To set the backdrop, he noted that China, the rest of Asia and the Middle East and Indian subcontinent made up 79% of global containerized exports in 2014. However, much of that is being traded within the region, thus the importance of the intra-Asia trade.
This lane is not only the largest trade lane from Asia but has also grown faster than North American and Europe trades.
“Southeast Asia has grown quite fast over the last few years and is now the biggest import region for China,” Looten said. Seabury figures show China’s imports from the region grew 12% in 2014.
This has come at the expense of imports from Northeast Asian countries such as Korea, Japan and Taiwan, which have declined, he added.
This picture is replicated on the export side as well, with exports to China’s traditional major export markets of North America, Europe and Northeast Asia being outgrown by exports to Southeast Asia, the Middle East and Indian subcontinent over the past four years.
Although volumes to the three main regions are still high, averaging over 6m teu per year in 2010 and going up to almost 10m teu in the case of North America in 2014, the rate of growth has been minute compared to Southeast Asia’s 14% growth rate from 2010 to 2014, although this is from a lower base, Looten said. These high growth rates can also be seen in exports to Middle East, Indian subcontinent, and also to Africa, he added.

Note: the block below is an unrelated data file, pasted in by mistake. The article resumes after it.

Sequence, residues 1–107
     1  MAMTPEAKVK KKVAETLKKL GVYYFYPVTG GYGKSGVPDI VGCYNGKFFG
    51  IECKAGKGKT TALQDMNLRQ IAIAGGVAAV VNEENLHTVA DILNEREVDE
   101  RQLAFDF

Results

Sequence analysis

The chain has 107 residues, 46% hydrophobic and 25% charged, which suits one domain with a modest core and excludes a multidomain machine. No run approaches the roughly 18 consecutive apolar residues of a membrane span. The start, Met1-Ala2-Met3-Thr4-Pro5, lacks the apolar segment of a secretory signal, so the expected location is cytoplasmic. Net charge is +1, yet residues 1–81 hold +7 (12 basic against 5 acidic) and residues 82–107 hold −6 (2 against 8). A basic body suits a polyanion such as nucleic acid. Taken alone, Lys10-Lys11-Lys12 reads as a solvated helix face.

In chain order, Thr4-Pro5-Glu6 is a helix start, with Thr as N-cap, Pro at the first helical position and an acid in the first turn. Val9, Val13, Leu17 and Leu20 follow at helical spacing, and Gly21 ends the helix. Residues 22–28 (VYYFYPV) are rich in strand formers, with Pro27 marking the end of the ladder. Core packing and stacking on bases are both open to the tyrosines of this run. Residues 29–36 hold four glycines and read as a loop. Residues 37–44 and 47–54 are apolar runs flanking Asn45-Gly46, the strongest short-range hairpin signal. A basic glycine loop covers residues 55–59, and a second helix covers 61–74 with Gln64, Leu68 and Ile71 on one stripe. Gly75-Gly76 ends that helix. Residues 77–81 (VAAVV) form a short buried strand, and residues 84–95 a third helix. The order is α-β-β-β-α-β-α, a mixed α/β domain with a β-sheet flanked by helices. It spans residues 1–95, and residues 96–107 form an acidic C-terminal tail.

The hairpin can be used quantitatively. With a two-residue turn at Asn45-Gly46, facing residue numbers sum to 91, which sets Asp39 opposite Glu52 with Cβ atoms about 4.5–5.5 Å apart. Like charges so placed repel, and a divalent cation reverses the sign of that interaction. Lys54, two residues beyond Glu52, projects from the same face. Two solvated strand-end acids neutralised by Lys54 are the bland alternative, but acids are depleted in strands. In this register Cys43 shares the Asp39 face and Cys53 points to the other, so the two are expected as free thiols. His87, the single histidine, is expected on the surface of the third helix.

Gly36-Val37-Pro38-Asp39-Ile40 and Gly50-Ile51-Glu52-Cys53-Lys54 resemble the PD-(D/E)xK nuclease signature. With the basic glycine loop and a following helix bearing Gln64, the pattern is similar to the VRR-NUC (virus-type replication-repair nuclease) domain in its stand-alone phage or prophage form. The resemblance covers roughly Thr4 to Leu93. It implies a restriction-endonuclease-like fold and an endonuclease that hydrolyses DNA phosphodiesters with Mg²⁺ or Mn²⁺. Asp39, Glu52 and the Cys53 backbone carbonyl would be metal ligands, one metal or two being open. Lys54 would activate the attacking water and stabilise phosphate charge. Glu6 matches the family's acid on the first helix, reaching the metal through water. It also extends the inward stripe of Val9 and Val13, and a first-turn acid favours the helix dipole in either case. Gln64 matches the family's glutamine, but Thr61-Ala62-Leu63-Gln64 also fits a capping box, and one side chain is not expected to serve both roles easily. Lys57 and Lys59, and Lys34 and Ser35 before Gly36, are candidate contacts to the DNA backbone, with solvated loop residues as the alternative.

“These are the kind of growth rates that lines are looking for and which is interesting while Asia-Europe seems to be the market that is almost asleep for the past five years,” Looten remarked.
“Southeast has by far the highest growth rate and relatively decent volumes so that’s a good start I would say,” Looten said. But putting things into perspective he pointed out that Southeast Asia’s share of global exports makes up only 14% compared to China’s 32% and stay mainly within the region.
“It is very unlikely that Southeast Asia will replace China as a source of global container growth,” he concluded.